Could the cities of the future be built with materials that do not produce carbon dioxide emissions during their manufacture? This is the focus of recently published research into producing environmentally-friendly cement using a surprising natural resource – algae.
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The Construction Sector and Climate Change
Construction is a key industrial sector, providing domestic dwellings, commercial buildings, and infrastructure for a rapidly urbanizing and industrializing society
Cement is the most widely-used construction material in the world, and is predicted to remain so for the foreseeable future. However, the use of this material comes with a massive cost to the environment, with cement manufacturing producing around 8% of global carbon dioxide emissions.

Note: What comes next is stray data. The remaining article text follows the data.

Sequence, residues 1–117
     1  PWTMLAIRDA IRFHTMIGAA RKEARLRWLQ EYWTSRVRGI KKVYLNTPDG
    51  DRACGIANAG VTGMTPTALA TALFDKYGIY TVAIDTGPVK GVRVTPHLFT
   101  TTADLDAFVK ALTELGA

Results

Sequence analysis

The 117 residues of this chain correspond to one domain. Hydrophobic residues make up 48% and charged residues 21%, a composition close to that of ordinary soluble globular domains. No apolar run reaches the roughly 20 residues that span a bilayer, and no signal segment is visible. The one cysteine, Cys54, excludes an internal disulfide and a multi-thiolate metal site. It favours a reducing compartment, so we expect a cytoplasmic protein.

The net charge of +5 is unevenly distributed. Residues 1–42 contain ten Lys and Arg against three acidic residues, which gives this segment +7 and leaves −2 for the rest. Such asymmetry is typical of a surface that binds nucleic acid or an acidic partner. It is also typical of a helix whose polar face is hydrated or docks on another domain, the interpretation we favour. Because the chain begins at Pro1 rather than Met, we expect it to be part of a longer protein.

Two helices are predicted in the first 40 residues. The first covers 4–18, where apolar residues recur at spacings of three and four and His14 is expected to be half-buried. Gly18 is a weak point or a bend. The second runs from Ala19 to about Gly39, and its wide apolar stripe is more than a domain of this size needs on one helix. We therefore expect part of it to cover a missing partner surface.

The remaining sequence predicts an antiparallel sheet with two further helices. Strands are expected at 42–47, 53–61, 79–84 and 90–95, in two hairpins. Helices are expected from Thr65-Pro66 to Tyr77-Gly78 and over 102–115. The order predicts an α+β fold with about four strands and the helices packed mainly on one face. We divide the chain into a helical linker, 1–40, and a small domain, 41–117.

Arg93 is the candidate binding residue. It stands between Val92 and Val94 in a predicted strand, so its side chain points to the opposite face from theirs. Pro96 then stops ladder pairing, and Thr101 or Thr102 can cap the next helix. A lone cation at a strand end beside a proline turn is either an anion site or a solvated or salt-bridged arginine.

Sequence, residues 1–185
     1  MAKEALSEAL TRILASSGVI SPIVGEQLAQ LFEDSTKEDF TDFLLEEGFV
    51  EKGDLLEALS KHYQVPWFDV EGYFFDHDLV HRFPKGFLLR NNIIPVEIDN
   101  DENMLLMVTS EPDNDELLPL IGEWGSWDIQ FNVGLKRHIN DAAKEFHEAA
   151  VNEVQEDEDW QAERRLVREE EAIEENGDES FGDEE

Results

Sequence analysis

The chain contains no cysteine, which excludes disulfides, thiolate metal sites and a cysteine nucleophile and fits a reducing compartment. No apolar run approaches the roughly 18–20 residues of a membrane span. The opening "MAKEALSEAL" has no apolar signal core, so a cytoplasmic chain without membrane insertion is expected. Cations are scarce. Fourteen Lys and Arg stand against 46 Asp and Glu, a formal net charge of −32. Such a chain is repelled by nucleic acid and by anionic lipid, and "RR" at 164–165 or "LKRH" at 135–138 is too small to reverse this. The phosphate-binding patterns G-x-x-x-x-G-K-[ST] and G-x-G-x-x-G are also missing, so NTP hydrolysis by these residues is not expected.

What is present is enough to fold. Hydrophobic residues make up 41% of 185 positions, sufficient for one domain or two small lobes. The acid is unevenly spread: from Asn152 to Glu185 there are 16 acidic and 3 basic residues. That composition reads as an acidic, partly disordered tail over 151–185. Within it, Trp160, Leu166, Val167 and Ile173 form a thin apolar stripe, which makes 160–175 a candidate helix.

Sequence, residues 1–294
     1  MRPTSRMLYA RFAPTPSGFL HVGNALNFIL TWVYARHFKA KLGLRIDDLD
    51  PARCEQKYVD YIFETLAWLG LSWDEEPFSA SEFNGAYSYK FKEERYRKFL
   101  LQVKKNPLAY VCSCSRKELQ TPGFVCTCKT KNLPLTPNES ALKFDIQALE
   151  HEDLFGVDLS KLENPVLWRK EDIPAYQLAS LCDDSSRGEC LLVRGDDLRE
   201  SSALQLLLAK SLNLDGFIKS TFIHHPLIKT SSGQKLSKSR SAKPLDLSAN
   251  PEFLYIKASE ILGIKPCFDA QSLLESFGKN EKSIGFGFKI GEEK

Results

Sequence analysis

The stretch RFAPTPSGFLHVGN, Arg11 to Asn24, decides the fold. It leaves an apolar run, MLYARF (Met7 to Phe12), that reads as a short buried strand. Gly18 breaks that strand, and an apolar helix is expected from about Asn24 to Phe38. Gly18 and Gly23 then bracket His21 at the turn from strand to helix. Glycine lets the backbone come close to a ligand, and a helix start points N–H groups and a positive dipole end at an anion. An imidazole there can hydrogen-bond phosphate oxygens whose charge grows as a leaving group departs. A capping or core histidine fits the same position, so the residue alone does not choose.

These carbon emissions have been intrinsically linked to climate change, driving global temperature rises and unprecedented damage to the natural world. Climate change has been linked to the acidification of water bodies, loss of sea ice, accelerating biodiversity loss, and increasing instances of extreme weather events in recent years.
Decarbonizing the Industry
In order to meet the aims of the carbon-free economy and international commitments to attain net-zero emissions by 2050, there is an urgent need for the construction industry to rapidly decarbonize. Several strategies have been explored in the sector in recent decades, including using alternative materials, reusing and valorizing waste streams, and developing more sustainable technologies and working practices.